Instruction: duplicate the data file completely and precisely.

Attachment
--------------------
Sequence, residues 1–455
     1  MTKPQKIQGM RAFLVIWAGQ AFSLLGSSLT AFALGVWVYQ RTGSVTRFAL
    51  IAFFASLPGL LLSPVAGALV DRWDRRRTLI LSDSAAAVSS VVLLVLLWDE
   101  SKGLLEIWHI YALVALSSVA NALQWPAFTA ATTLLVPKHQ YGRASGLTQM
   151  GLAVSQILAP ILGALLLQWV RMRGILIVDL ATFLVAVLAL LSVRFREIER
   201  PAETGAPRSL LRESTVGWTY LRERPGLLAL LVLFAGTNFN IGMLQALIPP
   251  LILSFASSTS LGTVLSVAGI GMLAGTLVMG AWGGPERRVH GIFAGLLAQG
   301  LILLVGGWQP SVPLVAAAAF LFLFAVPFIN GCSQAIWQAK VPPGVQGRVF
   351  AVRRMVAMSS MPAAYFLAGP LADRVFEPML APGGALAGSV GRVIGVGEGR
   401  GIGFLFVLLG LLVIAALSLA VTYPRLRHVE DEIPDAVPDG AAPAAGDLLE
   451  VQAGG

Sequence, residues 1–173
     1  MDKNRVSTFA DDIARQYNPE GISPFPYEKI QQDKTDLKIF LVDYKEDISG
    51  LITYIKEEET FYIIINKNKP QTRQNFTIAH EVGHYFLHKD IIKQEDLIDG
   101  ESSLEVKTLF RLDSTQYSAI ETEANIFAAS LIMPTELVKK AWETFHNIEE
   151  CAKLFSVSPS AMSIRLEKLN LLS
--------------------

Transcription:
Sequence, residues 1–455
     1  MTKPQKIQGM RAFLVIWAGQ AFSLLGSSLT AFALGVWVYQ RTGSVTRFAL
    51  IAFFASLPGL LLSPVAGALV DRWDRRRTLI LSDSAAAVSS VVLLVLLWDE
   101  SKGLLEIWHI YALVALSSVA NALQWPAFTA ATTLLVPKHQ YGRASGLTQM
   151  GLAVSQILAP ILGALLLQWV RMRGILIVDL ATFLVAVLAL LSVRFREIER
   201  PAETGAPRSL LRESTVGWTY LRERPGLLAL LVLFAGTNFN IGMLQALIPP
   251  LILSFASSTS LGTVLSVAGI GMLAGTLVMG AWGGPERRVH GIFAGLLAQG
   301  LILLVGGWQP SVPLVAAAAF LFLFAVPFIN GCSQAIWQAK VPPGVQGRVF
   351  AVRRMVAMSS MPAAYFLAGP LADRVFEPML APGGALAGSV GRVIGVGEGR
   401  GIGFLFVLLG LLVIAALSLA VTYPRLRHVE DEIPDAVPDG AAPAAGDLLE
   451  VQAGG

Sequence, residues 1–173
     1  MDKNRVSTFA DDIARQYNPE GISPFPYEKI QQDKTDLKIF LVDYKEDISG
    51  LITYIKEEET FYIIINKNKP QTRQNFTIAH EVGHYFLHKD IIKQEDLIDG
   101  ESSLEVKTLF RLDSTQYSAI ETEANIFAAS LIMPTELVKK AWETFHNIEE
   151  CAKLFSVSPS AMSIRLEKLN LLS